Box 2.3. Transmission routes of reported HIV cases in Hong Kong 1984-2018 (n=9715)
HIV transmission rate among people who inject drugs (PWID) remains low in Hong Kong. There was a peak of 58 reported cases in 2006, the number gradually settled to no more than 15 cases each year between 2013 and 2018. The HIV prevalence among PWID, as derived from the universal HIV urine testing programme at the methadone clinics, has remained low at around 1% in recent years.
As regards the location of virus transmission, some 73.8% of MSM acquired the infection in Hong Kong between 2006 and 2018. However, for heterosexual male, only 42.4% acquired the infection in Hong Kong, 24.9% in Mainland China and the remaining 32.7% were infected in other places or that the locations of infection were unknown from history.[Box 2.4][Box 2.5]
Box 2.4. Place of infection of MSM cases between 2006 and 2018.
Box 2.5. Place of infection of heterosexual male cases between 2006 and 2018.
HIV transmission in MSM
MSM have continued or emerged to account for a significant proportion of newly acquired HIV infection in many areas around the world, including Hong Kong. Beginning 2006, a series of HIV Prevention and Risk behavioural Survey of MSM (PRiSM) were conducted periodically. The studies were designed as a regular public health surveillance programme to profile risk behaviours of MSM, track the epidemic and inform intervention. Following 3 rounds in 2006, 2008 and 2011, the fourth round of PRiSM was conducted in 2017, in which 4,133 MSM participated.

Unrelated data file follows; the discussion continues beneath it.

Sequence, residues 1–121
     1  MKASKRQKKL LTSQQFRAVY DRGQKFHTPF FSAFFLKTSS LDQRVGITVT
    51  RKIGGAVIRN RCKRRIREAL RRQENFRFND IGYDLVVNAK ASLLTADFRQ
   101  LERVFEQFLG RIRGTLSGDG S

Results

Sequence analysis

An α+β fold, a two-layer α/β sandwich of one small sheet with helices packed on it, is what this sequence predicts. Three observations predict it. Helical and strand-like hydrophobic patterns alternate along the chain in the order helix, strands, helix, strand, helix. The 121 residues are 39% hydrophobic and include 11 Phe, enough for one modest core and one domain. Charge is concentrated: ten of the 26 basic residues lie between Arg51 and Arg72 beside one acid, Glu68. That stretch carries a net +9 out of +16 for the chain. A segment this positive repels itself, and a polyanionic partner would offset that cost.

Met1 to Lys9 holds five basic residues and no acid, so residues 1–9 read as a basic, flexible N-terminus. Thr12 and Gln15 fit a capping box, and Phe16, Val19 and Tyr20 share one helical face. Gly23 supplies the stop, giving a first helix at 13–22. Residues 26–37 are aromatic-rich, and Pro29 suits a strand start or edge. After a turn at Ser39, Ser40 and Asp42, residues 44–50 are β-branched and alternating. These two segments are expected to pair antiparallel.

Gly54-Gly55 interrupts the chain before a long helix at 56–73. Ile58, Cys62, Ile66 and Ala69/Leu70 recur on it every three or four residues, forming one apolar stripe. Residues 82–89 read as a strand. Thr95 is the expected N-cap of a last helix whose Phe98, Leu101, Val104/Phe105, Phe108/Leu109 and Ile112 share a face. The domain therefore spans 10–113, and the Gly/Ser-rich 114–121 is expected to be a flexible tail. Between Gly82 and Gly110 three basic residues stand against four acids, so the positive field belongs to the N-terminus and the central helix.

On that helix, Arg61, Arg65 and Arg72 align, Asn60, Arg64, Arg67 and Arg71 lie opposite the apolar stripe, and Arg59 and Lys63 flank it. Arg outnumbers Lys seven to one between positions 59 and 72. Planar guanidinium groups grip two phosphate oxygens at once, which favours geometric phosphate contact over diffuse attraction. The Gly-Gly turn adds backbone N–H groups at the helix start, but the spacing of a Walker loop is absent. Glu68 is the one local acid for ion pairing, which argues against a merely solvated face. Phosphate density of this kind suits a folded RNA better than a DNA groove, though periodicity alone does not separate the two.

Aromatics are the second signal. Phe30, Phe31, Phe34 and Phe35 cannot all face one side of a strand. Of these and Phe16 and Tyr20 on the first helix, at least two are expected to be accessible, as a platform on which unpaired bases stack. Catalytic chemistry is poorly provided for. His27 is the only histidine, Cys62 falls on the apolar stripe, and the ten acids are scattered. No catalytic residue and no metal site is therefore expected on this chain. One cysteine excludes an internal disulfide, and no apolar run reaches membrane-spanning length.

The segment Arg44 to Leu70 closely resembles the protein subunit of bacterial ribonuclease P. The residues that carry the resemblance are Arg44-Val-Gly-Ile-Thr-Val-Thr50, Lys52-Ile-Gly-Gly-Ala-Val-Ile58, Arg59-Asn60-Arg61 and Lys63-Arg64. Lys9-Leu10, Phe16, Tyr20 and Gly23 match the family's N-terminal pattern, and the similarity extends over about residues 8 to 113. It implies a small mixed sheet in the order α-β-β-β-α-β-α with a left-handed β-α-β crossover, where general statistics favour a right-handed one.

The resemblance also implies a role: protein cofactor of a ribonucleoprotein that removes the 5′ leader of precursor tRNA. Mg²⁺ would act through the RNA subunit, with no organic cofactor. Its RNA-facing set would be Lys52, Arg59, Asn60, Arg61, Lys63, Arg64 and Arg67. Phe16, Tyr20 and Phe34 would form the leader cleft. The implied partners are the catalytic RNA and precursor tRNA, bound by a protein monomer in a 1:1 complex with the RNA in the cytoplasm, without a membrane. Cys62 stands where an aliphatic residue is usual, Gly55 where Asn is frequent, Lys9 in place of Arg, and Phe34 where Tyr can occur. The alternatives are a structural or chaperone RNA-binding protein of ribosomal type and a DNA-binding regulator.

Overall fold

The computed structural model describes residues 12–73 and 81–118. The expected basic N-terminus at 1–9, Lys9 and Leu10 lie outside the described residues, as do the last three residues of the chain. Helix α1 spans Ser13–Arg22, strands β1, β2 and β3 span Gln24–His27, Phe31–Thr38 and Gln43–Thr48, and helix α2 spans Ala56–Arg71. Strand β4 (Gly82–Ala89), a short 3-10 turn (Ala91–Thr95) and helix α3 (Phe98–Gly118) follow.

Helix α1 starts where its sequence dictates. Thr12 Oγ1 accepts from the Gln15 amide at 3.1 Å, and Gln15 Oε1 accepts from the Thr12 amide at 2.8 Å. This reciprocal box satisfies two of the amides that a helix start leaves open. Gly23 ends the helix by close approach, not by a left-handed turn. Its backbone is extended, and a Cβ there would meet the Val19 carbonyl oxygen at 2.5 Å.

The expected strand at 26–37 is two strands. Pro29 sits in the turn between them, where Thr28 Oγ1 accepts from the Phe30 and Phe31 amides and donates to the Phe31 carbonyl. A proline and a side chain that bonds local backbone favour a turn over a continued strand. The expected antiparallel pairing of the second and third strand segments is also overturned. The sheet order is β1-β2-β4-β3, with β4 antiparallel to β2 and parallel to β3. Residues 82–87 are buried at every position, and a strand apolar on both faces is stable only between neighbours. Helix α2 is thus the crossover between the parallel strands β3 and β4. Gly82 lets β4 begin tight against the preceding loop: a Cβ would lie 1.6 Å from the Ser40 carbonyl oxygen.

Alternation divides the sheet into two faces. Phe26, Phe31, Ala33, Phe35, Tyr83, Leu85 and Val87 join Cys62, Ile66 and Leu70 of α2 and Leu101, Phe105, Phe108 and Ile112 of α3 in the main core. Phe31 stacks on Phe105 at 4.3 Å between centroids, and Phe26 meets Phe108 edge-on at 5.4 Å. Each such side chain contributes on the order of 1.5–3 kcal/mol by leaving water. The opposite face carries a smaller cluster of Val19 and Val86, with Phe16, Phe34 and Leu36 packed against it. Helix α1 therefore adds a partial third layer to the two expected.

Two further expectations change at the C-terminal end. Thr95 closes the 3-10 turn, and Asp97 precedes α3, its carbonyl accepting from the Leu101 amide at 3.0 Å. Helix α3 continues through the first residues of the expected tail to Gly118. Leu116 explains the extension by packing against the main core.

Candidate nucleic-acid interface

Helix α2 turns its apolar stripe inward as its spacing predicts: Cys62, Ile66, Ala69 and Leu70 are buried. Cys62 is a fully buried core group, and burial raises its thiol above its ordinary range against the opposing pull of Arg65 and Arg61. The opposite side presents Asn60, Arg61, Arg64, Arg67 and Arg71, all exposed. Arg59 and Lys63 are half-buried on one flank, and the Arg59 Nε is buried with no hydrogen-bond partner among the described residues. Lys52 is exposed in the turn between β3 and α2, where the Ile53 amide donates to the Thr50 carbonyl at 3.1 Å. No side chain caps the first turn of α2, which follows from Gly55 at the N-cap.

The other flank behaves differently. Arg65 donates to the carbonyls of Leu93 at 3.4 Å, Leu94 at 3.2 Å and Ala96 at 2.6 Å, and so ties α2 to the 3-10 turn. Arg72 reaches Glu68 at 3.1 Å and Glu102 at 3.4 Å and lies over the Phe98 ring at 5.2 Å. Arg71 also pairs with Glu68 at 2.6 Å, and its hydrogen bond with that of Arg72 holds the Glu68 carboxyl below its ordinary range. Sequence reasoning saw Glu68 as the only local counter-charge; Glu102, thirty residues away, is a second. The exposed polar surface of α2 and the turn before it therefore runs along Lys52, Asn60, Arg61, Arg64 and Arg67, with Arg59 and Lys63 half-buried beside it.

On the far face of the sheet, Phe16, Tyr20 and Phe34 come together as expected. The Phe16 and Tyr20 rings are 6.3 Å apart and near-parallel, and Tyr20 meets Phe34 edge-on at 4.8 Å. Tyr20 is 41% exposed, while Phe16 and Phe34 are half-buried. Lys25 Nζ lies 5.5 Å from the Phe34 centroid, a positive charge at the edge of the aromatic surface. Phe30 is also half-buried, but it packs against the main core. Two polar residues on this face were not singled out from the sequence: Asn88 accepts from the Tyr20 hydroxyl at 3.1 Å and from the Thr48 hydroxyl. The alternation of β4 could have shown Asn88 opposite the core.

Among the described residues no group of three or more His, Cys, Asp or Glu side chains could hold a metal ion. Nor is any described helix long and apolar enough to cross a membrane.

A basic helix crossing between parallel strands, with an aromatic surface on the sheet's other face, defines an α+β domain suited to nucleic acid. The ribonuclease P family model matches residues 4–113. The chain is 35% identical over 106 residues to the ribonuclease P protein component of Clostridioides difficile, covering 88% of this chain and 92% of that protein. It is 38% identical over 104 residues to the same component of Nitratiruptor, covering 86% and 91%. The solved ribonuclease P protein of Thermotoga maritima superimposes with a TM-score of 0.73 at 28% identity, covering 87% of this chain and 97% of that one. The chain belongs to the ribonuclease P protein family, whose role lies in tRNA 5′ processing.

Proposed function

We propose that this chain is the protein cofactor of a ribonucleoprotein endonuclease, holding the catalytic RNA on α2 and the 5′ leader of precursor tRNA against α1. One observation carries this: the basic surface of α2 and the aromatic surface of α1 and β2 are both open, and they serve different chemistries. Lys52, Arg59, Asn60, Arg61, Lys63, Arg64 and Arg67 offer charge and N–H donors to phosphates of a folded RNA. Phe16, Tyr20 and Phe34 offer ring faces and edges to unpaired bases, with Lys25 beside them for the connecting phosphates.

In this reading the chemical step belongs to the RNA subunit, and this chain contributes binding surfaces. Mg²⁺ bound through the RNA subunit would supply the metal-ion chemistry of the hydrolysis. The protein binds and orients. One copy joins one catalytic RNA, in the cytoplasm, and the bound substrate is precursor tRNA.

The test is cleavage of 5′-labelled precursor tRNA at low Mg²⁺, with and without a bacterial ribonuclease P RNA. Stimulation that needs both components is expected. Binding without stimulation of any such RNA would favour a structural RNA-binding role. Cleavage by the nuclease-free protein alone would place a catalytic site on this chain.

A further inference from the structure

From the results of PRiSM 2017, the overall HIV prevalence for sexually active MSM was estimated to be 6.54%. Consistent condom use between men (defined as always using a condom for anal sex in the preceding 6 months) was 52.1% for receptive sex and 52.2% for insertive sex. Recreational drug/substance use during or before sex (“chemsex” Chapter F37) was reported in 16.2% of the respondents. HIV testing rate in the past 12 months was 52.6%, higher than that in PRiSM 2011 (41%), but slightly lower than the rate (60%) recorded in another behavioural risk survey in 2016. Though the results of the two surveys could not be directly compared due to different sampling frame (web-based in PRiSM 2017 vs. community-based recruitment in the latter), the overall HIV testing rate among MSM was still not satisfactory. Moreover, HIV self-testing was not common among ever-testers (10.1%) but more than 50% of ever-testers would like to try HIV self-test in the future.
Epidemiology at molecular level
In Hong Kong, over 80% of the reported cases had been successfully genotyped since 2001. Of over 6300 genotyped cases captured in the voluntary HIV reporting system, over 20 subtypes could be seen. The commonest subtypes were CRF_01AE (35.5%) and type B (27.7%), followed by CRF07_BC and CRF08_BC, C and CRF_02AG occurring in 5.6%, 4.0%, 2.8% and 2.4% of total cases respectively.[Box 2.6]